A little bit meta – meta events, peripheral participation and data

StorifyThere’s an event going on – you really wanted to attend, but you couldn’t make it. This time you’re in luck – some thoughtful  people are live blogging and live tweeting the event. You can follow their reports – and if you want to know more, you look up the presenters, key terms and concepts. Maybe the event itself is a research moment – planned or serendipitous? In this situation the tweets and the blogs might be useful data – how might you capture and analyse these?

To use a recent example, the good people at the Wellness Network for Law held a forum at the Australian National University in Canberra during 5-6 February 2015. Regrettably I could not attend – I’m working on the end phase of my PhD candidature – but I was able to follow the forum on Twitter, by following the #wellnessforlaw hashtag, and reading Paul Maharg’s live blog posts.

Because savvy people at the forum took care to include the hashtag in their tweets, I was able to compile a comprehensive Storify of tweets from the Forum. This gathered all the hashtagged tweets in one place, and made it possible to view them as a slide show (along with attached images). It is a bit like attending a meta version of the event! It is also an easy way to archive this version of the event for future reference.

So the forum provided a great opportunity for individuals and organisations to network and share information and ideas around the theme of wellbeing in law. It seems to me, however, that the event as an event, was significant and could be studied. The focus on lawyers and law students’ wellbeing is a relatively recent phenomenon in Australian legal history. Might it be fruitful to study the event itself – consider the concepts and themes emerging from it, and ways in which they align, complement or conflict. What underlying beliefs or discursive operations might be rendered visible. Could we use the hashtagged tweets as one data source in this context?

I was able to capture the tweets for analysis by using NVivo10 computer-aided qualitative software and the NCapture add-on. In precis, I searched for tweets with the hashtag #wellnessforlaw, then used the NCapture tool (it works as an add-on in your internet browser) to capture the tweets as a dataset. Then I imported the dataset into NVivo10 – it saved the tweets together with the meta-data, such as tweet identifier, twitter user name, location, date and time, and whether  the tweet was a retweet. The dataset can be exported out of NVivo as a spreadsheet, and used in other software. Here’s an example of the dataset:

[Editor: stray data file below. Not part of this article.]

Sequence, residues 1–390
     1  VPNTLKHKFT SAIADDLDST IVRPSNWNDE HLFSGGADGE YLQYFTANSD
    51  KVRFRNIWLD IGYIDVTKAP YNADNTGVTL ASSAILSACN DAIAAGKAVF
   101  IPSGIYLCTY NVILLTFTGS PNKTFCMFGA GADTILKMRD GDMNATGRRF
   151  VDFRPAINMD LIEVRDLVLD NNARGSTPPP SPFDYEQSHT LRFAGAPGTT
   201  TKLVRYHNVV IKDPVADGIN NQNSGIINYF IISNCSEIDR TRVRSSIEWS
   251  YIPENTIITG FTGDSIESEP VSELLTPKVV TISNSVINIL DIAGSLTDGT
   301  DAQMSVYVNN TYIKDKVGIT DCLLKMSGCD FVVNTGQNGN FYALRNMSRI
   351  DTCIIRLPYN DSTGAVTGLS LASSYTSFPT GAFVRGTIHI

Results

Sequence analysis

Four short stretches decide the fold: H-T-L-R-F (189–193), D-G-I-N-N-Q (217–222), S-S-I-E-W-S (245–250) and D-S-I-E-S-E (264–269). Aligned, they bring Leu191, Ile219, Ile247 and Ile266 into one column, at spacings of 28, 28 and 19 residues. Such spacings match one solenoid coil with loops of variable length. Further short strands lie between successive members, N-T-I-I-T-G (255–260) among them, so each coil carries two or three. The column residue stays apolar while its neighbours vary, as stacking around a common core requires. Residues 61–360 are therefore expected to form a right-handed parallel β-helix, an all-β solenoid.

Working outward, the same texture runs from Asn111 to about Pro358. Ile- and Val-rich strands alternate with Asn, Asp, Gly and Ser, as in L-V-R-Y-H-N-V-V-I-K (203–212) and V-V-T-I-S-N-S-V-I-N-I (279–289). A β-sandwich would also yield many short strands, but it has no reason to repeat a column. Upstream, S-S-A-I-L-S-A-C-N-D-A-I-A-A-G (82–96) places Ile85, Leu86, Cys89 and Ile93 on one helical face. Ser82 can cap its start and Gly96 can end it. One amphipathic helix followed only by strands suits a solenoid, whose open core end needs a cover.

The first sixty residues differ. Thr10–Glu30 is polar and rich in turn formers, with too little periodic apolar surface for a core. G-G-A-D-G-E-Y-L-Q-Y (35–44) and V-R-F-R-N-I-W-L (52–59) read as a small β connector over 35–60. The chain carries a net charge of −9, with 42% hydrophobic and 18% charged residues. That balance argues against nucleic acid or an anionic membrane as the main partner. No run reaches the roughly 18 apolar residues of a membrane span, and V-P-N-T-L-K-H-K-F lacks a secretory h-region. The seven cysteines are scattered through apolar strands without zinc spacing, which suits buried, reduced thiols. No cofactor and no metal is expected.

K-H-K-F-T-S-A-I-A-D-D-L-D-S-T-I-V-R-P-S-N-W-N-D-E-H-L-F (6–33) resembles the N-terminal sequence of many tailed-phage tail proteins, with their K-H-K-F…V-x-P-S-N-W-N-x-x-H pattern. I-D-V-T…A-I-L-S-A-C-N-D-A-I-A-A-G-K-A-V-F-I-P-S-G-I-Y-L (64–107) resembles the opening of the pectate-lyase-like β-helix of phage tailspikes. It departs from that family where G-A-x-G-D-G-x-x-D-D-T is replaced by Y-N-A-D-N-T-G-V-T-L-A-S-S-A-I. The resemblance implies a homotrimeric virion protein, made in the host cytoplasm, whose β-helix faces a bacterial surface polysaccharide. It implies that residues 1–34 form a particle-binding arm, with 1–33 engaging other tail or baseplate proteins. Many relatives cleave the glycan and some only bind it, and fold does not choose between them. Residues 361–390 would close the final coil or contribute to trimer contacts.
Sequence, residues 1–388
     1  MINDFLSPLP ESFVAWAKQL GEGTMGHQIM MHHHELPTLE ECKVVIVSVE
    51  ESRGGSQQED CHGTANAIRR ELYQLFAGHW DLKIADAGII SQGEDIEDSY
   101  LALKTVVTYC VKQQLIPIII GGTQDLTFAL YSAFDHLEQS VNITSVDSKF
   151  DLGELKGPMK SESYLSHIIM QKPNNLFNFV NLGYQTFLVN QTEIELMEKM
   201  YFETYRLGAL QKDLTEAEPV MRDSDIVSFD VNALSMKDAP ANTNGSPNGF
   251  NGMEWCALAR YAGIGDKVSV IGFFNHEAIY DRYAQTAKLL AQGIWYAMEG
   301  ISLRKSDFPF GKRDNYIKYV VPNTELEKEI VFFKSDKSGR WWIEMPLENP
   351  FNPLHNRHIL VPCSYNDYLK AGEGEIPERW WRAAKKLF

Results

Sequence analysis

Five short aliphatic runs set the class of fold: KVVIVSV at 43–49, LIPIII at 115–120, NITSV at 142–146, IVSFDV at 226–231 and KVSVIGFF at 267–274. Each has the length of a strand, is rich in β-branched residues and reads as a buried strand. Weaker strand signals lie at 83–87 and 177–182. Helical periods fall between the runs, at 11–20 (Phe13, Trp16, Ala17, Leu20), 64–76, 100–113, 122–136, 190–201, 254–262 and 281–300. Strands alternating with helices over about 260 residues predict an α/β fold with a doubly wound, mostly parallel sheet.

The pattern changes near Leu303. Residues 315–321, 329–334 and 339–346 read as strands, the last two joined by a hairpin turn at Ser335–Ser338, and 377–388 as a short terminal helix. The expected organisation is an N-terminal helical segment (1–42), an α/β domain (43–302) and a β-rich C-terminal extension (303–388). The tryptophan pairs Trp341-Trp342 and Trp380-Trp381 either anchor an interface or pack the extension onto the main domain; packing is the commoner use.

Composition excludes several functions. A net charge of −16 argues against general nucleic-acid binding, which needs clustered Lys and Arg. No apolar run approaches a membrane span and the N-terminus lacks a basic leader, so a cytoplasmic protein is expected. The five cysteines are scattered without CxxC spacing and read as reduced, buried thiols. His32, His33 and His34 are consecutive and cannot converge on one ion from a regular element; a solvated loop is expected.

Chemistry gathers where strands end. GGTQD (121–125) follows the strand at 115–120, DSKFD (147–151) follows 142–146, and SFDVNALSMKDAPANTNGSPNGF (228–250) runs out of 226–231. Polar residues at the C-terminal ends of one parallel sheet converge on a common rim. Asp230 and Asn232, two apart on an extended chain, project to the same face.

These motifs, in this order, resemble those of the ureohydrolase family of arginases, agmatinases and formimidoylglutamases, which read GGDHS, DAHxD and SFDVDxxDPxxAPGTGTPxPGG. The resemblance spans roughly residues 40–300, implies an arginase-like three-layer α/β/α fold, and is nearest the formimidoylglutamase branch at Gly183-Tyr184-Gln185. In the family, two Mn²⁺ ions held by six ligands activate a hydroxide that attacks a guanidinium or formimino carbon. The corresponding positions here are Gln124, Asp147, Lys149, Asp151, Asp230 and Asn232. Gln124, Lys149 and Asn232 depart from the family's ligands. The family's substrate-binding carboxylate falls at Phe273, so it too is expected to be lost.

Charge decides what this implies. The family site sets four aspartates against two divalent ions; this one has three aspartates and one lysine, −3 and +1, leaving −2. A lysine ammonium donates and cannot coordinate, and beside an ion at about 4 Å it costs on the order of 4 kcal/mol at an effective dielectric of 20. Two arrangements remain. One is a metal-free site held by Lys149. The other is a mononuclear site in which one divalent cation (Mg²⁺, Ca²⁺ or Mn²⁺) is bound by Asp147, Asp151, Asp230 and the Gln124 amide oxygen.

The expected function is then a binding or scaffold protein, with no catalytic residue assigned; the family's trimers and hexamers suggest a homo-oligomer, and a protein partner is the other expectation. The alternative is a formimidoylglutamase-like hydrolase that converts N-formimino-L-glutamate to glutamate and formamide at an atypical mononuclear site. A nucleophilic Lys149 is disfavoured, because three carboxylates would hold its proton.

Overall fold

Dataset TableIt is possible to “code” rows, columns, and cells to a “node” as a case, concept, or theme. A node works like a bucket to hold all the items coded to that concept or theme. For example, I selected the dataset column “Tweet” and coded all the items contained in the column to the node, “Tweeted Text”.

Code Tweeted TextI could then open the “Tweeted Text” node to read through the tweets and then “code on” for concepts and themes discerned within the tweets.

From the “Tweeted Text” node, I could generate a quick visualisation of the most frequent words used in the tweets:

Word Freq Word CloudI could pick out words of interest from the visualisation, run a word search on the dataset, then code on from those search results.

Going back to the dataset – I can generate some interesting visualisations that might highlight avenues of inquiry. Here is a dendogram produced by cluster analysis for word similarity between usernames’ tweets:

Cluster Analysis copy

Here, the image is deliberately blurred to obscure twitter names save for mine (PleagleTrainer) and those associated with the forum. The cluster analysis compared all the tweets by username using the Pearson’s R correlation coefficient to generate a table of pairs. A complete linkage algorithm is used to create the dendogram above. The items that are paired are the most highly correlated in a cluster. Other items in a cluster are also correlated, to a lesser degree of similarity. The same applies to items in other clusters.

Such analysis proves nothing by itself – but it might prompt me to return to the tweets associated with paired and clustered usernames, to read them and discern whether they share concepts or themes, and how these might compare with items in other clusters. This might lead to further reflection and analysis before writing up conclusions.

I wasn’t able to attend the event, but I was able to participate in the meta-event, and if I chose, I could use that meta-event as data to learn more about the forum’s subject matter, but also the forum as an incident of social action in legal education.

I think we can plan to be a bit meta, plan for reflexivity, when organising and participating in social action in legal education.





About kristoffergreaves

Professional practice research and education. PhD and Australian lawyer. Legal education and practical legal training curricula and pedagogies.
This entry was posted in Blogging, conferences, Legal education, Research, Twitter and tagged , , , , . Bookmark the permalink.

One Response to A little bit meta – meta events, peripheral participation and data

  1. Pingback: 2015 Forum Presentations & Media | Wellness Network for Law

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